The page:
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The American Institute of Professional Bookkeepers
 VOLUME 1: Issue 26

Overtime: An old court case still causes problems

Overtime pay seems like a simple subject—unless you are the one who must decide when it is, or is not, due to an employee. For example:

  • If an employee works 40 hours in the workweek, then takes a paid holiday (8 hours), do you include the paid holiday in determining overtime pay? (No)
  • If an employee works all day Sunday, but does not work more than 40 hours in the workweek, does federal law require that you pay overtime rates or other premiums for the Sunday work? (No)
  • How many hours of overtime pay is due to an employee who works 48 hours in a workweek that includes 8 hours of paid vacation? (None)

But these are the easy ones. What happens when you pay an employee a per diem? Should you include the per diem when calculating overtime pay? This case, which went to court several years ago, is still causing problems for employers:

The case: An electrician who received a $150/week per diem told the court he received the same allowance as other workers, regardless of their actual expenses. The court said this might affect overtime calculations if the amount was not reasonable, but for the electrician it was not excessive, since he lived 100 miles from the job site. Result: The per diem should not be included when calculating his overtime pay. [ Berry v . Excel Group , 5 th Cir. 4/19/02]

Experts also warn that the following can cause overtime problems:

  • Deviations from the usual 5-day, 40-hour workweek.
  • Assuming employees will work overtime without recording the hours on their timesheets.
  • On-call time that severely restricts an employee's personal activities is eligible for overtime.
  • Nondiscretionary cash bonuses. These are bonuses required under a contract, agreement or promise, express or implied (such as a bonus for faster or higher production, improved quality or to get someone to stay with the company or take a job), or bonuses that employees have come to expect with the exception of holiday bonuses. A nondiscretionary bonus given to hourly employees must be added to gross pay for the week in which it is earned and included when calculating their pay for overtime purposes. [29 CFR 7788.209]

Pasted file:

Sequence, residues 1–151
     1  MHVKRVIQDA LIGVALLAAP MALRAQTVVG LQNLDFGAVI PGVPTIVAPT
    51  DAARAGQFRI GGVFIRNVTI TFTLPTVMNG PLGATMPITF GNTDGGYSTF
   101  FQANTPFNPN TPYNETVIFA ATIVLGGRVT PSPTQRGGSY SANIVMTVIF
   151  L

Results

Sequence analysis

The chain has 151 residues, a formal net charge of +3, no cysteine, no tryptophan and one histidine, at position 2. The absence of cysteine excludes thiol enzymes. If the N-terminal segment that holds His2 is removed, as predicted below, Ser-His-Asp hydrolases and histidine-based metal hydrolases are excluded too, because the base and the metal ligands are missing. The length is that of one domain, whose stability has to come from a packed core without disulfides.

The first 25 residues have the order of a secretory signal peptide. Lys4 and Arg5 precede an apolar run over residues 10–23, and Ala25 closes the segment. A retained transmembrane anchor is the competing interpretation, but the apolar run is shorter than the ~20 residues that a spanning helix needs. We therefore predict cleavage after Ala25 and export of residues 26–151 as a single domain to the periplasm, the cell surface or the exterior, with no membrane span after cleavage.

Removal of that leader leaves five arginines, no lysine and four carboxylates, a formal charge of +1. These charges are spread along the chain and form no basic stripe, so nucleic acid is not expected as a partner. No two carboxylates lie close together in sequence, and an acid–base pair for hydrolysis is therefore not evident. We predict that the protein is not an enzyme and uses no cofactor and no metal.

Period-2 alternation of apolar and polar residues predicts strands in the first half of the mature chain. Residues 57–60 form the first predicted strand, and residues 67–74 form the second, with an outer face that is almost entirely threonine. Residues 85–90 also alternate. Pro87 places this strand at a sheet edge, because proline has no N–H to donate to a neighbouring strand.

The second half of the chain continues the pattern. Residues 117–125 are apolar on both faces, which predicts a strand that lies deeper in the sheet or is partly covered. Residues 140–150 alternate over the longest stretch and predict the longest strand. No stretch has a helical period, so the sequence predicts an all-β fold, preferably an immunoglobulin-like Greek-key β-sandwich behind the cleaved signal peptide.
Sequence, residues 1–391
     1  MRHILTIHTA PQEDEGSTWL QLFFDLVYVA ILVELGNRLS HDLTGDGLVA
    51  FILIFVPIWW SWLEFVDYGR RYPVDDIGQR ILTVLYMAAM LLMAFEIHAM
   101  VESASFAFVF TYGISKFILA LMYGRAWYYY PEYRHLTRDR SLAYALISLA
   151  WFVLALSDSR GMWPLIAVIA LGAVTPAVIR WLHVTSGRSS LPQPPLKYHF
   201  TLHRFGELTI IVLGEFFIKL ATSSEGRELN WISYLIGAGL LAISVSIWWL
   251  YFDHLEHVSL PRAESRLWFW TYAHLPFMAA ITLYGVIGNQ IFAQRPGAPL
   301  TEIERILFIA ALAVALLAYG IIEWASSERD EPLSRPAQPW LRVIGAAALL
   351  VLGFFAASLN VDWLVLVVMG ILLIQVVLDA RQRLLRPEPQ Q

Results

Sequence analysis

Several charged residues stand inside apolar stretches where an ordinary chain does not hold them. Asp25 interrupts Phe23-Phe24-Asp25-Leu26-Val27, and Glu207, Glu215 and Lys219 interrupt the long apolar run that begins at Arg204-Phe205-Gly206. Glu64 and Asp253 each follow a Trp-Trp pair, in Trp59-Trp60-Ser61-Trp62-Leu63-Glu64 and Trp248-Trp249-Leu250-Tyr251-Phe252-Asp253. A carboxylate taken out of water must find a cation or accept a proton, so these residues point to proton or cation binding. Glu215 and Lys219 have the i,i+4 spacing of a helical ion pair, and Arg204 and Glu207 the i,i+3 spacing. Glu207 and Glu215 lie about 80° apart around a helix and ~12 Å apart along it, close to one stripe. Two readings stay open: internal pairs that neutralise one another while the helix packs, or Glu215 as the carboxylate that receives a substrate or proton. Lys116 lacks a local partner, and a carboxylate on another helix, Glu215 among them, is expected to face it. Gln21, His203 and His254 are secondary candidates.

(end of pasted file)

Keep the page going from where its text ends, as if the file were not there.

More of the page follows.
Example : Glenn crates crystal vases at a pay rate of $9 an hour. One week she works 43 hours and earns a $24 bonus because the company gives prorated bonuses for higher production.

Glenn's regular pay: $387 for the week ($9/hour x 43 hours) + $24 bonus = $411 straight time pay.

Glenn's overtime pay: $411 earned for the week (including the nondiscretionary bonus) รท 43 hours worked = $9.56 regular rate of pay x 50% premium rate = $4.78 x 3 hours overtime = $14.34 premium pay.

Glenn's gross pay: $411 straight time pay + $14.34 premium pay = $425.34 gross pay for the week.

Note: Discretionary cash bonuses—those not required under a contract, agreement or promise and that are not part of a pattern that leads employees to expect them—do not affect overtime pay rates. [29 CFR 778.211] (There will be a complete wrap-up on giving cash and noncash bonuses, prizes and awards, including what withholding taxes each is subject to in the October General Ledger ( www.aipb.org/general_ledger.html), the monthly technical briefing for AIPB members).

 

Bottom line: When you find yourself in a gray area, it is far less costly to ask an outside CPA or payroll expert than for the company to defend itself in court.

This practical tip came from a past issue of The General Ledger newsletter, the free monthly newsletter for members.

Here's just a sampling of what you will get in your September 2005 issue, which you will receive upon joining:



  • Identity theft: How to prevent it in the work place — how to help employees prevent it at home
  • IRS issues new rules on how to take—or revoke—a Sec. 179 deduction retroactively (for a prior year)
  • A quick recap on how to report back pay and special payments
  • How to offer employees a tax-free, long-term disability benefit
  • Readings you may have missed in your professional and business media, including:
    • 12 kinds of insurance your firm should have--or at least consider (from a small-business publication)
    • Fast easy ways to automate all of your company's documents (from an accounting technology publication)
    • How to improve internal controls at your firm (from a top state CPA journal)
    • How savvy businesses are using blogs to boost profits and improve productivity (from a top business publication)
    • And other key readings
  • Plus: Bookkeeper's quiz . . . bookkeeping for vacations Q&A and more.


Join 30,000 bookkeepers in the national association for your profession as a member of The American Institute of Professional Bookkeepers. Simply click on www.aipb.org/member_benefits.html and start getting the benefits you deserve as a professional. Join now.


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